Legislators, Academics Propose New Anti-Piracy Alternatives13 Mar, 2003 By: Hive News
The battle between content providers and digital pirates rages on. Some legislators are proposing or reviving bills that would change the Digital Millennium Copyright Act (DMCA), while others, from industry leaders to academics, have tried and suggested various nonlegislative solutions.
Although lame duck Recording Industry Association of America (RIAA) chairman and CEO Hilary Rosen later denied it, she reportedly suggested to reporters that computer manufacturers should charge a licensing fee with each unit they sell and pass it on to the RIAA. The Reuters reporter who quoted her stood by the report from a Rosen address at a French music conference.
Though they eventually backed off, Sony and Universal both tried CD copy-prevention strategies that had consumers in the United States and abroad protesting the limited-use discs by returning them to merchants as defective.
Consumers Want to Protect Fair Use
Evidence supports consumer interest in fair use. Almost 60 percent of consumers who responded to a January survey by marketing firm SutherlandGold said Congress' top priority should be protecting consumers' fair use right to access, copy and enjoy content they acquire legally. More than 53 percent said they fear that Congressional mandates intended to limit piracy would only end up making an already complicated problem worse.
“Much has been made of Hollywood's powerful lobbying voice in the digital rights management debate,” said Lesley Gold, a managing partner at SutherlandGold. “This survey shows that the technology community could greatly benefit from waking the real sleeping giant in this debate: consumers.”
Citing the groundswell of consumer backlash against music and movie companies, Sen. Ron Wyden (D-Oregon) has suggested the answer is for content providers to prominently advertise legal uses of, and restrictions on, their materials with product labels.
Loyola Law School professor Lon Sobel has suggested Internet service providers (ISPs) like America Online, EarthLink and Juno handle charging their subscribers a fee to cover downloads. In theory such a system could work because the ISPs can monitor how much high-bandwidth activity their subscribers conduct. Typically such activity indicates large files -- like music, movies or software -- are changing hands.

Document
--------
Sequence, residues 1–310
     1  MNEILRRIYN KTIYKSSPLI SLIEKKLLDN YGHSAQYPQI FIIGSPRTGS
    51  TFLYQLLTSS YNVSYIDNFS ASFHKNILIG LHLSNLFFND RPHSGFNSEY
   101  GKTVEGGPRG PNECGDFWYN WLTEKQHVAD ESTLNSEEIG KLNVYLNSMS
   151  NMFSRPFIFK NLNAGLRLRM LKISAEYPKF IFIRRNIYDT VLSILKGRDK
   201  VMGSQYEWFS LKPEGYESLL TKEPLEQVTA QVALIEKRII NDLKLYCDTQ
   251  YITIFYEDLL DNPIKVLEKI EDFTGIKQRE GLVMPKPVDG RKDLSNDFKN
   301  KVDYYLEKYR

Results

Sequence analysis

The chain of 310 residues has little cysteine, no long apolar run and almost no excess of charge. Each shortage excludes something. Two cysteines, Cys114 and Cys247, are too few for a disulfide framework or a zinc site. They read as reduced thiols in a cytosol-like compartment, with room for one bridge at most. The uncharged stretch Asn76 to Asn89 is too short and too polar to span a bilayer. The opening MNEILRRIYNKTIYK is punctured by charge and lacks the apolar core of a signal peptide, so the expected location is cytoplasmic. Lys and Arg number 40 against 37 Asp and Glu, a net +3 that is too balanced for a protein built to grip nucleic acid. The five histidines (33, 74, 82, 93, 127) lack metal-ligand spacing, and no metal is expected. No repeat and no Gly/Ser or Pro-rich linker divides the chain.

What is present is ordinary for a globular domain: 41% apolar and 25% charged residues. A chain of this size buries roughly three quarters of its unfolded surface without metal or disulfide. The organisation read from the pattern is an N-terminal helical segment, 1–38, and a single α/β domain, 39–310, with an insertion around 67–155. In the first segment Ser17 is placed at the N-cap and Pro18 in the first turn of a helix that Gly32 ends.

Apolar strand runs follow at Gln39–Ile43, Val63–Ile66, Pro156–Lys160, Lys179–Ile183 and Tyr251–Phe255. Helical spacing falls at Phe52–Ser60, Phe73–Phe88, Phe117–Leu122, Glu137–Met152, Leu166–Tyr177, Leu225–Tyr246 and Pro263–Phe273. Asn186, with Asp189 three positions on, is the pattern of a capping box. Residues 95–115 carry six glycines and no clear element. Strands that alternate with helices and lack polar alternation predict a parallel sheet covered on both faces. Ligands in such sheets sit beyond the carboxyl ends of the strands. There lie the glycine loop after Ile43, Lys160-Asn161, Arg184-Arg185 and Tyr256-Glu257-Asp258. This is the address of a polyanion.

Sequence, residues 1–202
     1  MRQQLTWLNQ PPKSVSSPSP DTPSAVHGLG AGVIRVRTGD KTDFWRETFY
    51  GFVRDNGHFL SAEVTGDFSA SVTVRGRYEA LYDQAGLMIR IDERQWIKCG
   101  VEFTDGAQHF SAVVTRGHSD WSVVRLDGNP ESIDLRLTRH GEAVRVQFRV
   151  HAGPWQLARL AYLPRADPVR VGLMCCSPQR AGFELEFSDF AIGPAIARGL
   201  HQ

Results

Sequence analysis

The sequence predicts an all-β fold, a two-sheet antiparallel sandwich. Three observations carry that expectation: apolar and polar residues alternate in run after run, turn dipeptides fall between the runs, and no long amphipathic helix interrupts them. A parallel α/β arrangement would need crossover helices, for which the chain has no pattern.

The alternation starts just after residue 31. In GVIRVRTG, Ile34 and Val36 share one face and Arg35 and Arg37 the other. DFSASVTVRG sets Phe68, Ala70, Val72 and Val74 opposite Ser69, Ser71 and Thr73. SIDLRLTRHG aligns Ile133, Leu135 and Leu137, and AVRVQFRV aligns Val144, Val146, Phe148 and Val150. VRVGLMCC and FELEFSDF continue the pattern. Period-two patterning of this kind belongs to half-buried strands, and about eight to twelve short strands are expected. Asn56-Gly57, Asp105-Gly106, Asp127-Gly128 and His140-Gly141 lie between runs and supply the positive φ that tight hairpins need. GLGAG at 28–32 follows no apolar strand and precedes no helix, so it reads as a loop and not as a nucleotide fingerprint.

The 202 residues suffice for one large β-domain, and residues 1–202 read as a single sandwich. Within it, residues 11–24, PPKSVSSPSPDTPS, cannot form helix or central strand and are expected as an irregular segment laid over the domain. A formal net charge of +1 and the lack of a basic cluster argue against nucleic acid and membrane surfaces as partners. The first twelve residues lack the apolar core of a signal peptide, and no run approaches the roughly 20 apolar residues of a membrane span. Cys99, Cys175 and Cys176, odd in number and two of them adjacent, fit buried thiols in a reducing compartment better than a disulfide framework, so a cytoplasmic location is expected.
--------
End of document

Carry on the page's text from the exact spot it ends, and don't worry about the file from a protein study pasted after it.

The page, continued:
The ISPs' ability to identify users who download large files is at issue in two cases the RIAA brought against ISP Verizon. Those cases use a provision of the DMCA to demand that Verizon reveal the names of high-download-volume subscribers to the organization so it can pursue legal action against the target users.
More Congressional Battles Brewing
In light of such enforcement actions, legislators are proposing or revising changes to the DMCA itself.
Rep. Zoe Lofgren (D-Calif.) reintroduced a piece of legislation March 4 called the Digital Choice and Freedom Act. It would specify that fair use applies to digital as well as analog content and would define consumers' rights to make backup copies and display digital works on the devices of their choice. It would clarify that buyers may sell or give away their copies of digital works, just like they can with traditional hard media. It would also prohibit non-negotiable shrink-wrap licenses that limit consumer rights and expectations. It would also reverse a provision of the DMCA's anti-circumvention clause, which forbids consumers to bypass technical measures that prevent media from playing on a variety of devices.
“There is wide agreement to fight piracy, and it is something that needs to be stopped, but individual consumers are being denied their legitimate rights in the digital age,” Lofgren said at a press conference to introduce the bill. “We can solve this problem, but lawsuits and locking down content are not the solutions.”
Meanwhile, legislators from the other side of the debate are doing CPR on their fallow bills to limit consumer uses of content. Rep. Howard L. Berman (D-Calif.) is pushing his Peer-to-Peer Piracy Prevention Act, which was introduced last session and would give copyright owners immunity from liability for impairing the “unauthorized distribution, display, performance, or reproduction” of their own works on public peer-to-peer networks. It does not address how they would determine the material was being traded illegally without intruding on consumers' privacy.